I shift slightly to my right to avoid the inventory binder stabbing me in the back. Sitting here, behind the counter and out of sight of sidewalk window shoppers, I stare at the clock and pray that it stops, or better yet goes backward.

But it continues on, tick, tick, tick, and now it is only five minutes before the store doors are due to be unlocked. Oh do I ever need a drink or ten right now.

Other than right now, going clean has been a lot easier than I was expecting it to be. Well, I guess this is the first moment I’ve had to face where my usual response would have been to get wasted.

My finger traces the outline of the store key, traveling its peaks and valleys like a lost explorer. I’m so lost right now, completely out of my element; I’m not a fish out of water – I’m a fish in outer space.

The phone rings and I jump just enough to crack the top of my skull on the counter. Swearing loudly, repeatedly, I let it ring and listen to the answering machine’s greeting. After the beep a familiar voice begins to leave a message.

“J, pick up the phone. I know you’re there,” Karl says. “Well, you better be there anyway. If you’re not you better be halfway to Mexico.”

“Hey man,” I say into the receiver. “What’s going on?”

“Oh good, you are there. I just wanted to see how you’re doing on your big day.”

“My big day? Thanks man, I really needed some more pressure right now,” I tell him. “You caught me just in time though – I was just about to see if there’s a back door I can sneak out.”

“It can’t be that bad,” he says before hesitantly adding, “can it?”

“I can’t handle this kind of responsibility, something major is going to go wrong and I’m not going to know what to do,” I say as panic begins to creep into my voice. “People are going to ask questions that I can’t answer, I’m going to give the wrong amount of change, I’ll forget to lock up before I leave, I’m -”

“J, take a deep breath man,” Karl interrupts. “In fact, take ten. Don’t say another word until you do.” I do as he says since I don’t know what else to do. Following instructions is so much easier than thinking for yourself.

“Alright,” I say when I’m done and feeling much calmer, “now what?”

“You can do this J, this will be the hardest part. It’ll just get easier and easier after this,” he says with a confidence I’ll never know. “DJ is counting on you, don’t let him down. Don’t let yourself down.”

“What if,” I begin but he cuts me off gently.

“You’ll handle it. And if you can’t, give me a call and I’ll help you figure it out. What time do you close?”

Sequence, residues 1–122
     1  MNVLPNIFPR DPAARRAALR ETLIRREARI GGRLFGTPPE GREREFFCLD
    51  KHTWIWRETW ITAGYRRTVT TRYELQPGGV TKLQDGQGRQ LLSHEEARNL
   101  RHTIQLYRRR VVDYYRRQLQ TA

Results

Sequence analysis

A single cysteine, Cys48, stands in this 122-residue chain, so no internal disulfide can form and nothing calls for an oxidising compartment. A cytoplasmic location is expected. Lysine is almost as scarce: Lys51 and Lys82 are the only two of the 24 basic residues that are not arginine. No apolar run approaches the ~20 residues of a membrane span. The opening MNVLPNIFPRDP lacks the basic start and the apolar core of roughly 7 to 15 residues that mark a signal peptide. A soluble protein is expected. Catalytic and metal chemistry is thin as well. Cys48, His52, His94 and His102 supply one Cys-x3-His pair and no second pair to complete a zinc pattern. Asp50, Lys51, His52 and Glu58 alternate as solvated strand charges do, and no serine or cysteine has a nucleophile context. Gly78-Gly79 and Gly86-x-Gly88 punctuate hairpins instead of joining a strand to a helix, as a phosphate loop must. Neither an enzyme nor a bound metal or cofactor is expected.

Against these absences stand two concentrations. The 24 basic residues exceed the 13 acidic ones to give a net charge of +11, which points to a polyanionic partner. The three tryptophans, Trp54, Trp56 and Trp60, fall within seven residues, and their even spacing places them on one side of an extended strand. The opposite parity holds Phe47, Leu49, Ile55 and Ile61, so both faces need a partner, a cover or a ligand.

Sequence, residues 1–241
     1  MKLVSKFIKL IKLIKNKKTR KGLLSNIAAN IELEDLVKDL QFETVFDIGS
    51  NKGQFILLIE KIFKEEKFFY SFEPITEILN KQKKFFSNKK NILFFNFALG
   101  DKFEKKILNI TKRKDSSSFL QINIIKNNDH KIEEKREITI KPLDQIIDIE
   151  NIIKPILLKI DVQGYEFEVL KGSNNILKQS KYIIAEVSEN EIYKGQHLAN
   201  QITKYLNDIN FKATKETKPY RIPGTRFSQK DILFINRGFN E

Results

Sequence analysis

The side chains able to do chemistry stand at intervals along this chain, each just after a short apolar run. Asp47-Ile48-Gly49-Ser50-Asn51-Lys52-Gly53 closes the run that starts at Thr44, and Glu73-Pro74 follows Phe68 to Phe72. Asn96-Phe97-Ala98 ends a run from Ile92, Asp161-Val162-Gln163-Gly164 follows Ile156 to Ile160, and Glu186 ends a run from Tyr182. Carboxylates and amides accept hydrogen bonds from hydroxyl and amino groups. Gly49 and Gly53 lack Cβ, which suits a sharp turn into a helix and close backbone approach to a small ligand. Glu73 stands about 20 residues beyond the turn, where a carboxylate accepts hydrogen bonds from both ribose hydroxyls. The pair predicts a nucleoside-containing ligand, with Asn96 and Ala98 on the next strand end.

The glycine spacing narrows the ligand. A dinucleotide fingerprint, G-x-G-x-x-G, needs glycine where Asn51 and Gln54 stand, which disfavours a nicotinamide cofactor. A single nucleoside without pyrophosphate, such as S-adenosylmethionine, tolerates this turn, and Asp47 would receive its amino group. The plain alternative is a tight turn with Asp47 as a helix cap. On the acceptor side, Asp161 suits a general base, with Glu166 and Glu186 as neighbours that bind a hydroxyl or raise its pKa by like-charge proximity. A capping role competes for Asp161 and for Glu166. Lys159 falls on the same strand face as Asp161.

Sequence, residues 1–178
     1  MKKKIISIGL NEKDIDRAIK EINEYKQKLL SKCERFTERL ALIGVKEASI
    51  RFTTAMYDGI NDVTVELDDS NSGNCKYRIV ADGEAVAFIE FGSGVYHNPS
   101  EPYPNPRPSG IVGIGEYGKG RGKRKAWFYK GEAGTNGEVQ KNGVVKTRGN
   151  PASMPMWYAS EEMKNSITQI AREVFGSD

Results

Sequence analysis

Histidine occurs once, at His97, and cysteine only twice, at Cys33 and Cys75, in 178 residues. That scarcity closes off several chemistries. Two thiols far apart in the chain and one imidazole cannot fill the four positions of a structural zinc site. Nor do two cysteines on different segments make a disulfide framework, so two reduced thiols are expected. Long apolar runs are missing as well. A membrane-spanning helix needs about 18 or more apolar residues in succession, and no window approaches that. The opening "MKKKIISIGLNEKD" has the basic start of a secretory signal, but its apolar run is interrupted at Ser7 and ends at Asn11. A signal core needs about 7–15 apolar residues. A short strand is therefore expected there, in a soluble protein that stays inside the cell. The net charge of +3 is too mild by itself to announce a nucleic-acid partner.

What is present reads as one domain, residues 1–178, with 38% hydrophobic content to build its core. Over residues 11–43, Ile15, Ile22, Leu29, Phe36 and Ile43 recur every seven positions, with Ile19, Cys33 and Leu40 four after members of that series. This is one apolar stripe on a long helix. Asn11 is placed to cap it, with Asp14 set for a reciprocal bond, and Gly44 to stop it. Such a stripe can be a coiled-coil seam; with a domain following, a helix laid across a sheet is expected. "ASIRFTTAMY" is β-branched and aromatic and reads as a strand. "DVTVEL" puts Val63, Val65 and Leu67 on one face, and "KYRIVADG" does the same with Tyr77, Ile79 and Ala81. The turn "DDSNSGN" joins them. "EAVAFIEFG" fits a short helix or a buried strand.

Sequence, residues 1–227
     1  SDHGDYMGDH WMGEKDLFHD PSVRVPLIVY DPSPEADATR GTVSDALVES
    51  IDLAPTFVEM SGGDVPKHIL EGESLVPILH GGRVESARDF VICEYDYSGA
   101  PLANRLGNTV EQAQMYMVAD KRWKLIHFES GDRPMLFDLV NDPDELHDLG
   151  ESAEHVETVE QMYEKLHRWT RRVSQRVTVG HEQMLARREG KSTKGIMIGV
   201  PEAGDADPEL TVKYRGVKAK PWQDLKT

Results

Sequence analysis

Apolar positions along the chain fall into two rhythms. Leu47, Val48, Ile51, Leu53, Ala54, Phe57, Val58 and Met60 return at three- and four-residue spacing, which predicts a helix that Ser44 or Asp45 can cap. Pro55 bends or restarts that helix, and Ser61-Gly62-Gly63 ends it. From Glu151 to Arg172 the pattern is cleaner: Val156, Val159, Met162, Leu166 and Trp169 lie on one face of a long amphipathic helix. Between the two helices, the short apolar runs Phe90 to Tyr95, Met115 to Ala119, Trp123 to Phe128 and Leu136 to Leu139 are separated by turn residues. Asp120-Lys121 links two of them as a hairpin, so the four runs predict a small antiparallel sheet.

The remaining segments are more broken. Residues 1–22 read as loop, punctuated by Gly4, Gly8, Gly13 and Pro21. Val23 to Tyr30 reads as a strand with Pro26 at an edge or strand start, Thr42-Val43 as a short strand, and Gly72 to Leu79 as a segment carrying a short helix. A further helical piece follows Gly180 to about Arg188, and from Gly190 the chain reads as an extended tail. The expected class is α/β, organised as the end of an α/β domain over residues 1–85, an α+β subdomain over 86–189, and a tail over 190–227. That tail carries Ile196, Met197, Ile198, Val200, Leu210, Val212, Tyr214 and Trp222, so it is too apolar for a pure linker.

“Tonight? Seven, I think. Yeah, seven.”

“Alright, I’ll swing by around quarter to seven,” he says. “I’ll bring ice cream.”

“No food allowed in the store,” I say automatically.

“See?” Karl says with a laugh. “You’re going to be fine. Call me if you need me.”

“Thanks,” I say then hang up. I look up at the clock to see that it’s one minute past opening. I take a few more deep breaths then walk across the empty, silent store to the door. I stand there for another minute, staring at the deadbolt.

“Here goes… everything,” I say and unlock the door with a resounding thunk. And then… nothing happens. I open the door just wide enough to poke my newly-shaven face out and find an empty sidewalk.

“Idiot, of course there’s nobody out there,” I say as I pull my head back into the store’s shell. “Who would be waiting for a music store to open on a Monday morning?”

I stroll back to the counter, pull a record out of DJ’s personal stash and put it on. As the first guitar strings play on the store stereo I sit down on the cashier stool and wait for my first customer to arrive.

Friday, August 15, 2008

Spare Change #14

There are so many empty bottles around me that there’s hardly room to stand, much less walk. Bud, Coors and Michelob clink together indiscriminately when I shift my foot, like someone just made a celebratory toast at an important gathering.

Which I guess this is, in a way. Empties, loaded thoughts, one life-altering decision and me – perhaps not the most impressive guest list ever created, but an important gathering it is.

I roll the last unopened bottle of Bud between my hands back and forth, back and forth. The stained sink reeks of spilled beer, with a hint of the dark rum that was the first liquid to go down the drain. I almost take a deep whiff before stopping myself, wondering if that would be cheating.